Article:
SPOFFORD, N.H. -- Firefighters were busy Sunday night as a gas grill fire nearly consumed a home along Echo Cove Way and severe thunderstorms fried the electronics of another home.
At about 7 p.m., firefighters received a call that a barbecue had caught fire and the flames had spread to the wooden deck and the exterior of the home.
When the fire was finally under control, about an hour and 45 minutes after it was discovered, firefighters were on their way to another home along North Shore where a lightning strike had hit a tree very close to a home.
The strike had shorted out the home's electrical system and fried all the appliances that were plugged in at the time, said Spofford Fire Chief Gordon Randolph.
Randolph was the first on the scene of the fire on Echo Cove Way and said when he saw the orange line streaking up the home he immediately called for a second-alarm.
Randolph ran back to his truck, grabbed a fire extinguisher and tried to knock down the fire.
"We're very lucky. That fire had the potential to take the whole house quickly," Randolph said. "If I didn't have my fire extinguisher and the help from one of the neighbors with his fire extinguisher, this could have turned into a huge house fire."
Once the flames were a little more manageable, Randolph said he decreased the call to a first-alarm fire.
About 30 firefighters from Chesterfield, Westmoreland and Spofford arrived on scene to prevent
An open window in the second story of the home had Randolph concerned so the attack was focused there.
"I was afraid the flames had breached the home through the window," he said. "Luckily only the vinyl siding melted and the fire didn't burn through the wood siding."
Thermal imaging also revealed the temperatures in the attic at more than 300 degrees, so firefighters had punctured holes to ensure that no flames had reached the third floor.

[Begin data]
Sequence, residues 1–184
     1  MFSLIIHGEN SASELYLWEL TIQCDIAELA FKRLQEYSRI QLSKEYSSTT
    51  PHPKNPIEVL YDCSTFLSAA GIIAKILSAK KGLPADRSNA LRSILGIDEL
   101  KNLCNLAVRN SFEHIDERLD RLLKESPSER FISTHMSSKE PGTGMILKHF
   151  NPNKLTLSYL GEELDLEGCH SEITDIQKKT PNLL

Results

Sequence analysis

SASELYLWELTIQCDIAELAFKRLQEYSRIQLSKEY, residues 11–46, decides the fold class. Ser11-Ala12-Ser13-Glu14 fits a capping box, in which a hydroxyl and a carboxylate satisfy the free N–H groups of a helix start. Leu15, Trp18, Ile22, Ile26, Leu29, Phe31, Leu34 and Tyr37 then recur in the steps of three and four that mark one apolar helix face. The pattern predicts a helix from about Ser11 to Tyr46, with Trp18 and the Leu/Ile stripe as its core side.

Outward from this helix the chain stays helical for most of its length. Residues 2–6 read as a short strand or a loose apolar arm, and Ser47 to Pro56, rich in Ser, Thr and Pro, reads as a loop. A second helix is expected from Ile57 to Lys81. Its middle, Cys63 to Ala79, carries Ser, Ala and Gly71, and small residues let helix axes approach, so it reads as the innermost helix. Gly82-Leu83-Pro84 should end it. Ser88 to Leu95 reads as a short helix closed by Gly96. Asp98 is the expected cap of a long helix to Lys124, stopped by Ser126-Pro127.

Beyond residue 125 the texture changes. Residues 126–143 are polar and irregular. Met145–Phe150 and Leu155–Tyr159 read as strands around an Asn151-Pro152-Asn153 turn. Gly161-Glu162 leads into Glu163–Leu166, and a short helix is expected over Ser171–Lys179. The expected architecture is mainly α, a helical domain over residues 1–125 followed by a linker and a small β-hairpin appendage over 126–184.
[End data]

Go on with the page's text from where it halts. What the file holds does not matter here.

The only injury was to Rudolph when he picked up the homeowner's very frightened small dog.
"I got three little puncture wounds and a bruise but it was my fault for trying to pick him up," he said. "I hold no grudges and he let me pet him after the fire was out. He was so terrified during it, I shouldn't have picked him up."
The cause of the fire isn't consider suspicious.
Randolph said his best guess as to the cause is a grease fire and he's encouraging people to be cautious and alert when cooking this summer.
The homeowner told emergency responders that she was cooking dinner, went inside for a while and when she looked out the window saw the grill was on fire.
"When the grease caught fire it probably spread to the propane tank below and when it exploded the fire spread along the deck and home," Randolph said.
The chief said to prevent accidents like this, people using gas or charcoal grills need to make sure the barbecues are at least 15 feet away from the home, never near any ignitable sources and never placed on a wooden deck.
He suggested people regularly clean their grills with a brush, scraping off any residue as opposed to simply turning their grills on high and burning it off because the grease can easily catch fire.
Josh Stilts can be reached at firstname.lastname@example.org, or 802-254-2311 ext. 273.